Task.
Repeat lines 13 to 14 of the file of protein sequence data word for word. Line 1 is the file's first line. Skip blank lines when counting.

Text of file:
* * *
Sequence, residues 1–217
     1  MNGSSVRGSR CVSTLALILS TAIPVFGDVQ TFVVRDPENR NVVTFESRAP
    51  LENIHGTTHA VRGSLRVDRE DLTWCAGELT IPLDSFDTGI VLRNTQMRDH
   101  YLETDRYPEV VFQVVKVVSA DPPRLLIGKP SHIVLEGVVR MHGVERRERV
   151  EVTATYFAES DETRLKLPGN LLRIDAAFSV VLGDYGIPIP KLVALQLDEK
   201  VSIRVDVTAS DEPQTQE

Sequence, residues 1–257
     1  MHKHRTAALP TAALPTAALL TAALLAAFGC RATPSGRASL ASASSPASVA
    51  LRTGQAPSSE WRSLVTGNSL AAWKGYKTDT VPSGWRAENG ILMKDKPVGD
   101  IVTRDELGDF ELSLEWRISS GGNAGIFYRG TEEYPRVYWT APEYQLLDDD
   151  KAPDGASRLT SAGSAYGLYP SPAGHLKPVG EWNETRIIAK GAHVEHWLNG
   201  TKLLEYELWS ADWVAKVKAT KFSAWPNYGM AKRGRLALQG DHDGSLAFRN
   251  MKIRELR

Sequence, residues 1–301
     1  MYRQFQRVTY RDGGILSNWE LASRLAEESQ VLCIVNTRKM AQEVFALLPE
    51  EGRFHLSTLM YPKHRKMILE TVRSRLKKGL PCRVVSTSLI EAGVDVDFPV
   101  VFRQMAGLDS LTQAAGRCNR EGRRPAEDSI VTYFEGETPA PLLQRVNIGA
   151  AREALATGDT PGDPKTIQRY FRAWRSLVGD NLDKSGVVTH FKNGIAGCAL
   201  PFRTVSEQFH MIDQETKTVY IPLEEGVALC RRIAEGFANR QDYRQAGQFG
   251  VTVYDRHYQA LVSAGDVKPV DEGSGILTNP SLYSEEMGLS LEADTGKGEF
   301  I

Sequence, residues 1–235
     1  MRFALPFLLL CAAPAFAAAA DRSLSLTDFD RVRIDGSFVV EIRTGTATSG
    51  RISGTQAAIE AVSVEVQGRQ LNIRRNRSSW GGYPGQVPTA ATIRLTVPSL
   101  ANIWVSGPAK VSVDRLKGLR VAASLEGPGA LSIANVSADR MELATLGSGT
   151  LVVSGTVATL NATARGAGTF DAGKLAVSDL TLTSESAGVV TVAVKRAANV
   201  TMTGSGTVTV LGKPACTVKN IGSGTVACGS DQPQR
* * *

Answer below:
   251  MKIRELR

Sequence, residues 1–301